(i) Fructose : Provide nutrient energy for sperms.
(ii) Prostaglandins : Stimulate uterine contractions that
help the sperm to propel towards female’s oviduct.
(iii) Clotting proteins : Facilitates coagulation of semen
after ejaculation.

Maximise your chance of success in NEET by reading this article. This section is specially designed to optimise your preparation
by practising more and more. It is a unit wise series having chapterwise question bank, allowing you to prepare systematically
and become more competent.
Recall question or single concept question – indicated by a single finger.
Application question or question which requires 2 or 3 concepts - indicated by 2 fingers.
Application question or question which requires 3 or more concepts - indicated by 3 fingers.
UNIT-VII : GENETICS AND EVOLUTION
CHAPTER-5 : PRINCIPLES OF
INHERITANCE AND VARIATION
Multiple Choice Questions
1. If the factors responsible for pod shape and pod colour in
a pea plant studied by Mendel, to show inheritance of two
genes, were located closely on same chromosome, then
which of the following would not have been explained?
(a) Law of dominance
(b) Law of segregation
(c) Law of independent assortment
(d) Both (b) and (c)
2. When two homozygous black and white andalusian fowls
were crossed, the F1 individuals appeared blue and on
selfing produces black, blue and white fowl in the ratio of
1 : 2 : 1. This is an example of
(a) dominance
(b) incomplete dominance
(c) co-dominance
(d) pleiotropism.
3. If a cross between two individuals produces offspring with
50% dominant character (A) and 50% recessive character
(a), the genotypes of parents are
(a) Aa × Aa
(b) Aa × aa
(c) AA × aa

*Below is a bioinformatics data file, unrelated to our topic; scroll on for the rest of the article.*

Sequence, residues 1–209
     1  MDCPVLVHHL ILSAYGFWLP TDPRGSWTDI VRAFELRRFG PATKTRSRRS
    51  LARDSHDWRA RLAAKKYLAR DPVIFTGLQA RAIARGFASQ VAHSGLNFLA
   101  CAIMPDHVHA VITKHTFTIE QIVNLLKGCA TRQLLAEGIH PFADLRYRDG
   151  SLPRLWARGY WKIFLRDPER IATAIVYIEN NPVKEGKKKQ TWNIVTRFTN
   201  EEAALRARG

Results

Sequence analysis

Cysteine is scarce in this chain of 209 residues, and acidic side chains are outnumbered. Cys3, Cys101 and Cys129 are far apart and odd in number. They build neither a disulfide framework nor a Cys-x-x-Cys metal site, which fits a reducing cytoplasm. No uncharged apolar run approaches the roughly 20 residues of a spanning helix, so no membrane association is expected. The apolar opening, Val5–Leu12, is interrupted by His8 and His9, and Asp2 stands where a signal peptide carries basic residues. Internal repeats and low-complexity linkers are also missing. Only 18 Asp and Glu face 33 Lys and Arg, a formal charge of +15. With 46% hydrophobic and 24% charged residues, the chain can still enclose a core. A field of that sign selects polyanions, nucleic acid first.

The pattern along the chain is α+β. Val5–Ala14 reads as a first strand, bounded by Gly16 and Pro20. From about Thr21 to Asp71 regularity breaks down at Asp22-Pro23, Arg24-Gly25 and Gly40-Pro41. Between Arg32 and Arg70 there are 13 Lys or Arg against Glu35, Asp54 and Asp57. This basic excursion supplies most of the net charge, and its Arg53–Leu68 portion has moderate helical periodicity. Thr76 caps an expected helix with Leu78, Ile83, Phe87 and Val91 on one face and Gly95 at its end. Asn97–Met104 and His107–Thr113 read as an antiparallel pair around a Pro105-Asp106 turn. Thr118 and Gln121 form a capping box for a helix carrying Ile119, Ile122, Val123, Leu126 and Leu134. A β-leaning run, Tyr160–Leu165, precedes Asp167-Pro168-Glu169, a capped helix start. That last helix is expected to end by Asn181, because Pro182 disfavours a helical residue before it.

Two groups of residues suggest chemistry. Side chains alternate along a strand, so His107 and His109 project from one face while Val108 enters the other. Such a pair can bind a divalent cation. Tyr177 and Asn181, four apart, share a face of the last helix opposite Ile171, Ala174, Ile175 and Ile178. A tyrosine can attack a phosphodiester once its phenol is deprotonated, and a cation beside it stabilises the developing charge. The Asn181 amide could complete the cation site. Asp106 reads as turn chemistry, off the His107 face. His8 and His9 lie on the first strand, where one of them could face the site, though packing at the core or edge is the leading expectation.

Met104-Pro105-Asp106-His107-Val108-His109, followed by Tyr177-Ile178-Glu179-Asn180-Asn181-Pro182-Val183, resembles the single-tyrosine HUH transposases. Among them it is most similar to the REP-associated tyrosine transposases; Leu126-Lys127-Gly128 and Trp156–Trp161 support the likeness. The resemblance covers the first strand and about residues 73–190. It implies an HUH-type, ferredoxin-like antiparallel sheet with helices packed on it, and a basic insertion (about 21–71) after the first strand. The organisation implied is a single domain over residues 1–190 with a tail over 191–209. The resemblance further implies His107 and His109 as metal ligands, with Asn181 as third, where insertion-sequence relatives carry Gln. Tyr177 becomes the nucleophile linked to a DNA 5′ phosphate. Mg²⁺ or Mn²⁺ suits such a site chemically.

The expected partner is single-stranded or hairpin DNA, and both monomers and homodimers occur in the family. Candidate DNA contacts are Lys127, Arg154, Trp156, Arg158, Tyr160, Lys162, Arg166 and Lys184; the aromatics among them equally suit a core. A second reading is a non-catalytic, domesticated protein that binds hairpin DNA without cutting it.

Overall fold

(d) AA × Aa.
4. The F2 ratio in a dihybrid cross is modified from 9 : 3 : 3 : 1
to 9 : 7. This is due to the effect of
(a) duplicate genes
(b) complementary genes
(c) supplementary genes
(d) epistatic genes.
5. Due to non-disjunction of chromosomes during spermatogenesis, some sperms carry both sex chromosomes
(22A + XY) and some sperms do not carry any sex
chromosomes (22A + 0). If these sperms fertilise normal
eggs (22A + X), what types of genetic disorders appear
among the offspring?
(a) Klinefelter’s syndrome and Turner’s syndrome respectively
(b) Turner’s syndrome and Klinefelter’s syndrome respectively
(c) Down’s syndrome and Turner’s syndrome respectively
(d) Cri-du-chat syndrome and Down’s syndrome respectively
6. Which of the following statements is not true for two genes
that show 50% recombination frequency?
(a) The genes show independent assortment.
(b) The genes if present on same chromosome, undergo
more than one crossovers in every meiosis.
(c) Genes may be present on different chromosomes.
(d) The genes are tightly linked.
7. Genic ratio between X chromosomes and autosomes in
three Drosophila were reported as follows:
X
X
X
Q.
R.
= 0.5
P.
=1
>1
A
A
A
Based upon the genic ratio, deduce the sex of these insects.
MT BIOLOGY
TODAY | JANUARY ‘18
53
(a)
(b)
(c)
(d)
P
Female
Male
Female
Metamale
Q
Metafemale
Female
Male
Female
R
Male
Metafemale
Intersex
Male
8. If the recombination frequencies of fruitfly between genes
b (black body) and vg (vestigial wings) is 18%, (b) black
body and cn (cinnabar eye) is 9% and cn (cinnabar eye) and
vg (vestigial wings) is 9.5%. Identify the correct sequence
of genes in fruitfly.
(a) cn, b and vg
(b) b, cn and vg
(c) vg, b and cn
(d) cn, vg and b
9. The holandric type of inheritance refers to transfer of traits
from
(a) father to son
(b) father to grandson through his daughter
(c) mother to daughter
(d) father to granddaughter through his son.
10. A man having a genotype AABbCcDD can produce P number
of genetically different sperms and a woman with genotype
UuVVWwXx generates Q number of genetically different
eggs. The values of P and Q are equivalent to
(a) P = 4, Q = 8
(b) P = 4, Q = 4
(c) P = 8, Q = 4
(d) P = 8, Q = 8.
Match The Columns
11. Match Column I with Column II.
Column I
A. Incomplete dominance (i)
B. Dominant epistasis
(ii)
C. Supplementary genes (iii)
D. Complementary genes (iv)
E. Test cross
(v)
Column II
9:3:4
9:7
1:2:1
1:1
12 : 3 : 1
12. Match Column I with Column II (There can be more than
one match for items in Column I).
Column I
Column II
A. Quantitative inheritance (i) Trisomic
B. Pleiotropy
(ii) Monosomic
C. Hyperploidy
(iii) Phenylketonuria
D. Hypoploidy
(iv) Human skin colour
E. Male heterogamety
(v) Drosophila
F. Female heterogamety (vi) Pigeon
(vii) Nullisomic
(viii) Tetrasomic
(ix) Sickle cell anaemia
(x) Kernel colour in wheat
(xi) Moths